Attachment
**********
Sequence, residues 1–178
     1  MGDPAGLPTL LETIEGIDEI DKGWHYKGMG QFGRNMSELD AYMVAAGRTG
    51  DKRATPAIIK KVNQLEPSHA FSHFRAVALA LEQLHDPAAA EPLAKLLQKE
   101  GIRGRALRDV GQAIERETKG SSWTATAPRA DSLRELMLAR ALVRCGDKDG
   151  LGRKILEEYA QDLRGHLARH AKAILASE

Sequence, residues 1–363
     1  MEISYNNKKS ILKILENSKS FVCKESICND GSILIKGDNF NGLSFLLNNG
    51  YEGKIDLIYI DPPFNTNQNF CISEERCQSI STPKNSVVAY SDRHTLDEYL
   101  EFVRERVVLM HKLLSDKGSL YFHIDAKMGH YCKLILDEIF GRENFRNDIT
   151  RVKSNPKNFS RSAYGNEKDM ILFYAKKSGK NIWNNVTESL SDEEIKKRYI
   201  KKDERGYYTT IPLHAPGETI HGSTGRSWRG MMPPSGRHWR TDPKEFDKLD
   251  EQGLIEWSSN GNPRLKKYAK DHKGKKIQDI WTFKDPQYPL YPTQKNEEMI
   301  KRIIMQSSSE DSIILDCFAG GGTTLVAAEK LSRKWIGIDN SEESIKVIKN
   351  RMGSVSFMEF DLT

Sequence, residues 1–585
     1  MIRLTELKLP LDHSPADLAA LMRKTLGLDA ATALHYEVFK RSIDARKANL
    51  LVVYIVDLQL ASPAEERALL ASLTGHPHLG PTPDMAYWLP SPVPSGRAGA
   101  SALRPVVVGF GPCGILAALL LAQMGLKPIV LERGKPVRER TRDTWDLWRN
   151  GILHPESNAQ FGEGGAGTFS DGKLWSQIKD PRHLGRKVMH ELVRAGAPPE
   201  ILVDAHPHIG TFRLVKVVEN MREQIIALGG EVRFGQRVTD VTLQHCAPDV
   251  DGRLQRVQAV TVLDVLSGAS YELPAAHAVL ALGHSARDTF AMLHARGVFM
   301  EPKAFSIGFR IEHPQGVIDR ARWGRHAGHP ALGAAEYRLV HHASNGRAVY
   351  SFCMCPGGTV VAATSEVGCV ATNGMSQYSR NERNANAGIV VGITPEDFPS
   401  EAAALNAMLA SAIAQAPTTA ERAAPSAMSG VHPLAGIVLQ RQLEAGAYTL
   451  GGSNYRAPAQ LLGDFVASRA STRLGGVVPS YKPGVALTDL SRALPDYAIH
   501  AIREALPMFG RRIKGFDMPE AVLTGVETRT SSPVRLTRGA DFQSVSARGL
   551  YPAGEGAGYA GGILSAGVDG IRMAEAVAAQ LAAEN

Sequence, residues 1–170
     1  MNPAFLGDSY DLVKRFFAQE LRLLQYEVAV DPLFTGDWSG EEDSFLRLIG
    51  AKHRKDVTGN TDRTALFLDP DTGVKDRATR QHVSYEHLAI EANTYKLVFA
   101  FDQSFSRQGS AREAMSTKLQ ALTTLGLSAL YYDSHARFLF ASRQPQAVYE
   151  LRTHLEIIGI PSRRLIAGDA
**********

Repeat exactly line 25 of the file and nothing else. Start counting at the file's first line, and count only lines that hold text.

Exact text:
   451  GGSNYRAPAQ LLGDFVASRA STRLGGVVPS YKPGVALTDL SRALPDYAIH